Idea that the economic power was rooted in a favorable balance of trade (exporting more than you import) and control of specie; most Europeans who thought about economics liked this idea; Amerivan colonies were seen as markets and valued sources of raw materials that would have otherwise have been bought from a foreign country.
Hard currency, such as gold coins; mercantilism said that these would be controlled to keep a favorable balance of trade.
Used to guarantee a favorable balance of trade; initiated by the British and were taxes on imports that might compete with English goods; one tariff was the Navigation Acts; these tariffs were passed between 1651 and 1673.
Required colonists to buy goods only from England and to sell certain products solely to England; also had them import any non-English goods via the English ports and pay a tax on these imports; prohibited colonies from manufacturing goods that England already produced; used by the English to control colonial commerce; worked, but people still smuggled; this was followed by the Vice-Admirality Courts and Boards of Trade which enforced them, but the colonists did not protest because at the time they were already entirely dependent on Britain.
Military-style courts; defendents not entitled to jury; set up by British to strengthen the Navigation Acts; cases were those that dealt with violations of the Navigation Acts.
Boards of Trade
Set up by the British to enforce the Navigation Acts; regulated commerce; reviewed colonial legislation and revoked laws that conflicted with British law; administered government appointments.
Governor in Colonies
Appointed by the king or the proprietor; dependent on colonial legislatures; couldn't leave the New World and all decisions relied on the cooperation of the colonists.
Legislatures in the Colonies
Controlled the money that the governors were dependent on and finalized decisions.
Bicameral Legislation in the Colonies
Consists of a Lower House (House of Representatives) and an Upper House which was made up of appointees; lower house had its members directly elected and controlled government salaries and tax legislation; upper house had its members appointed by the local population, this house acted as advisors to the government and protected the interests of colonial landowners; all colonies had a bicameral legislation except Pennsylvania.
The New England Confederation
Colonist effort toward a centralized government; had no real power, but did offer advice to the northeastern colonies and provided colonists from different settlements the opporotunity to meet and to discuss their mutual problems.
Virginia's western frontier during the 1670's; caused when the Virginians were running out of room and wanted to invade into Indian territory to gain land; led by Nathaniel Bacon and attacked local tribes; then burned Jamestown; precursor to the American Revolution (colonists pushed westward, in search of land for greater political autonomy); rebellion ended when Bacon died.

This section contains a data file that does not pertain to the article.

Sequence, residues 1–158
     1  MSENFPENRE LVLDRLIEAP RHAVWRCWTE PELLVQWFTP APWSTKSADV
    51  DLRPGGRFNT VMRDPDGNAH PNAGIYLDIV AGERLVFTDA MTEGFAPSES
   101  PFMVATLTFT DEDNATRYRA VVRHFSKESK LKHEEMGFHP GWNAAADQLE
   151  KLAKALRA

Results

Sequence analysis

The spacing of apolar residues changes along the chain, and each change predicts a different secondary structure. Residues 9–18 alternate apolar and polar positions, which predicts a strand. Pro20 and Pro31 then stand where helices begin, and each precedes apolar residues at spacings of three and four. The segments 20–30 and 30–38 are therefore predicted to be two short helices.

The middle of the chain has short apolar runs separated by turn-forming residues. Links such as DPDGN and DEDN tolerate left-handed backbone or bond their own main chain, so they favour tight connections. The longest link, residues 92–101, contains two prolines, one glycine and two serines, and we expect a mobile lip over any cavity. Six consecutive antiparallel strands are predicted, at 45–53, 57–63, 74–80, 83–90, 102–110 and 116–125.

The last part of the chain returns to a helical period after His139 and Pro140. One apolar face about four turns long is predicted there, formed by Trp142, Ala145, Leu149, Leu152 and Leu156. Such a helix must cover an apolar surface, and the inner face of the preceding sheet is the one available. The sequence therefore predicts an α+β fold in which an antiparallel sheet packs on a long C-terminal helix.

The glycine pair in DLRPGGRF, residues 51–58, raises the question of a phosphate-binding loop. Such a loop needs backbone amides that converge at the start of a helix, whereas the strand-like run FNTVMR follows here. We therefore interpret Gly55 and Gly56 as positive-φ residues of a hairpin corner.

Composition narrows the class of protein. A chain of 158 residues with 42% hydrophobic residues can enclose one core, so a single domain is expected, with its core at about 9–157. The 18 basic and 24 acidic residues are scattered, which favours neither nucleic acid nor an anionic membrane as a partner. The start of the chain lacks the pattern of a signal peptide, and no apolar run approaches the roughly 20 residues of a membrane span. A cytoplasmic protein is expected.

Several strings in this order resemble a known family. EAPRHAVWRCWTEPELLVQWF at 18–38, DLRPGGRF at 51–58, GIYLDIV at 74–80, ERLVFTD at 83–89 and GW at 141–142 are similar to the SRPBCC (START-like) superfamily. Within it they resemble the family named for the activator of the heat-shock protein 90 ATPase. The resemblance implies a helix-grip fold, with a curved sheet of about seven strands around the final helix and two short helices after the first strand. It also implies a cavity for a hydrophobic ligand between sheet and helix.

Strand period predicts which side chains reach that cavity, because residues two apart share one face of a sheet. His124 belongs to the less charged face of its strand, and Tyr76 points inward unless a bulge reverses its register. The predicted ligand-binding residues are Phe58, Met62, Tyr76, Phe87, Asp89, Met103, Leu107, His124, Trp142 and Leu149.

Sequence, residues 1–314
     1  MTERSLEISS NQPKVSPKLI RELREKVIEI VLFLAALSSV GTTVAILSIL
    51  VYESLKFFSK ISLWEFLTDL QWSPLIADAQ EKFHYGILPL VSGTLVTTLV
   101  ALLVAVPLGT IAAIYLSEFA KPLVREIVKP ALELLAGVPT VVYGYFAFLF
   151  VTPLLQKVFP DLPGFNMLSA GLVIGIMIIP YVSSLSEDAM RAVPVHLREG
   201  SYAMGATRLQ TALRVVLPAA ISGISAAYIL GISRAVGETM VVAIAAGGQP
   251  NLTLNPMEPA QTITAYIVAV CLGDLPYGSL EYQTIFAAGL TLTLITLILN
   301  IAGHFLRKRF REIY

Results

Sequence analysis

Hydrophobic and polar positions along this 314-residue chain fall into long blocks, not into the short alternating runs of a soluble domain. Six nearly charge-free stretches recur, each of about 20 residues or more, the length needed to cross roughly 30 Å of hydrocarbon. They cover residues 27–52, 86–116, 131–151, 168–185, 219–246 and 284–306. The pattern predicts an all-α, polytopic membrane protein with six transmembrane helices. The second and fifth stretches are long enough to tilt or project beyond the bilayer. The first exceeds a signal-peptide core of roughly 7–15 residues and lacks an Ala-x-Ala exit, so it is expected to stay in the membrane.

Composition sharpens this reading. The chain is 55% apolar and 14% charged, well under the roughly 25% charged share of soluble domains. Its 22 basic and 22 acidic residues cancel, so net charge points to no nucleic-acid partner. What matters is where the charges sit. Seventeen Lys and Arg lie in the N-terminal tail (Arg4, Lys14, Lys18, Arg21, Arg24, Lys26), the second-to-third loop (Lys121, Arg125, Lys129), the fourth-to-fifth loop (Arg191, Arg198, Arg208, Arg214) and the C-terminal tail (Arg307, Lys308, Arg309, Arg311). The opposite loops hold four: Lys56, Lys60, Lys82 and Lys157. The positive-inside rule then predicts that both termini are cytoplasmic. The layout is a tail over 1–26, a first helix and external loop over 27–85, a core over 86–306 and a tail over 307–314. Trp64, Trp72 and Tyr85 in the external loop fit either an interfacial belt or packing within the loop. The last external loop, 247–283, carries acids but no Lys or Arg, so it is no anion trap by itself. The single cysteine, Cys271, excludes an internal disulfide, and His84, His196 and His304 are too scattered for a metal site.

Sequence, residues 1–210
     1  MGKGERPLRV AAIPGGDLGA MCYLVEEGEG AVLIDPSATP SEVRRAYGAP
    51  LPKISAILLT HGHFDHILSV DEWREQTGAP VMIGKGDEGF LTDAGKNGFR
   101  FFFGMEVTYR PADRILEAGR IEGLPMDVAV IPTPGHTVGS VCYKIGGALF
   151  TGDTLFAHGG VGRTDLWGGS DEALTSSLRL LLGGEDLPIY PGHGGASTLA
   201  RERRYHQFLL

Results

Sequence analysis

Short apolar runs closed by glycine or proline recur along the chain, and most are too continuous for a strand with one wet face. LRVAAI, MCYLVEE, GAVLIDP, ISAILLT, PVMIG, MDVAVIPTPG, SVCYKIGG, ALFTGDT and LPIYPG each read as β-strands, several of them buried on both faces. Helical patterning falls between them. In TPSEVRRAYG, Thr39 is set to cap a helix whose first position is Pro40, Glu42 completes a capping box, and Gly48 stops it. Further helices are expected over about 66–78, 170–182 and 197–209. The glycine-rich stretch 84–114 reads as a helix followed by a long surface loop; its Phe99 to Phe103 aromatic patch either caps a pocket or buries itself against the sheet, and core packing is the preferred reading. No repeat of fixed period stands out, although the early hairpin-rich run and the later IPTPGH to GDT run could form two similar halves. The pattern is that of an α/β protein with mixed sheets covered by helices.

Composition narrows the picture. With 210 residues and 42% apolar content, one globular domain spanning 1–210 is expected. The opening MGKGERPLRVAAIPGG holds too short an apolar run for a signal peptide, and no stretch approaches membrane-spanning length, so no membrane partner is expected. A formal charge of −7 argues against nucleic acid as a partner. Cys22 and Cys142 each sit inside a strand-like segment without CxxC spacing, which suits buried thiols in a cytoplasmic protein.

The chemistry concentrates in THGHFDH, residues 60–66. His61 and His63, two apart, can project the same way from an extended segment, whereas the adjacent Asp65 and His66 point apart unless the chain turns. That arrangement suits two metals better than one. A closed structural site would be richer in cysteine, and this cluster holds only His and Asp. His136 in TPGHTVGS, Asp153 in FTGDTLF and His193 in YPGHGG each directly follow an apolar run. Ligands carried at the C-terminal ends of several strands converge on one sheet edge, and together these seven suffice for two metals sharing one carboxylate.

Started Bacon's Rebellion over land; helped burn Jamestown and attack Indians; died of dysentery.
King Philip's War
Caused when the Pokanokets led attackes on colonial settlements for intruding on their territory; led by Metacomet, also known as King Philip; war created an alliance with the Pokanokets and two other tribes; when Metacomet died, the alliances fell and many of the tribes were sold into slavery in the West Indies.
Slave Rebellion in 1739; twenty slaves stole guns and ammo, killed storekeepers and planters and freed many slaves; the rebels, now 100, fled to Florida, but were caught by the colonial militia and were captured and executed; resulted in stricter laws to govern slave behavior.
Salem Witch Trials
1692; not first witch trials in New England; more than 130 "witches" were jailed or executed in Salem.
The Dominion of New England
English government attempt to clamp down on illegal trade; Massachusetts' charter was revoked; assemblies dissolved; ended with the Glorious Revolution; caused the end of mass hysterias such as the Salem Witch Trials.
England overthrew James II and replaced him with William and Mary in 1691; Massachusetts became a royal colony; suffrage given to Protestants, weakening Puritan power.
King William's War
Called that in the colonies; called the War of the League of Augsburg in England; war against French and Native Americans on the Canadian border; followed the Glorious Revolution.
Puritan zeal was fading; changed the rules governing Puritan baptisms (prior to this, they had to experience the gift of God's grace to have children baptized); now any children whose parents were baptized were baptized, but those who had not experienced God's grace couldn't vote.
Mass Hysteria in Salem in 1692
Caused by religious, economic, and gender factors; ended when accusers, mostly teenage girls, accused some of the colony's most prominent citizens of consorting witht eh Devil, turning town leaders against them.
A wave of religious revival led by Jonathan Edwards and George Whitefield; response of devout people to the Enlightenment.
Led the Great Awakening movement by preaching predeterministic doctrines of Calvinism and was famous for his depictions of Hell.
Led the Great Awakening by preaching Christianity based on emotionalism and spirituality.
The preaching or promulgation of the gospel; missionary zeal, purpose, or activity.
European intellectual movement that borrowed heavily from ancient philosophy and emphasized rationalism over emotionalism or spirituality; movement away from religious beliefs.
Typified Enlightenment ideals in America; became a wealthy printer and wrote Poor Richard's Almanack coined many phrases and aphorisms; pioneered in electricity work; invented bifocals, the lightning rod, the Franklin stove; founded the colonies' first fire department, post office, and public library; served as an ambassador in Europe and negotiated teh alliance with the French and the peach treaty that ended the Revolutionary War.